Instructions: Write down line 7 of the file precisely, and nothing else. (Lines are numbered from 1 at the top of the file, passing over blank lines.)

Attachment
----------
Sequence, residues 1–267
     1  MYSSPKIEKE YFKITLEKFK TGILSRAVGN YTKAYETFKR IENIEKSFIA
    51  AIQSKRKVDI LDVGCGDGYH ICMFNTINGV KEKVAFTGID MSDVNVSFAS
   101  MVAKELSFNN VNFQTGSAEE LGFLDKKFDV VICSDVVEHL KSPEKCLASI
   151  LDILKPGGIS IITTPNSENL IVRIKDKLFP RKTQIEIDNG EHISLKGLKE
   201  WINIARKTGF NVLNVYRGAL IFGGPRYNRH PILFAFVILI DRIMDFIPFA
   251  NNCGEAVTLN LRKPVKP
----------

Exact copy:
   251  NNCGEAVTLN LRKPVKP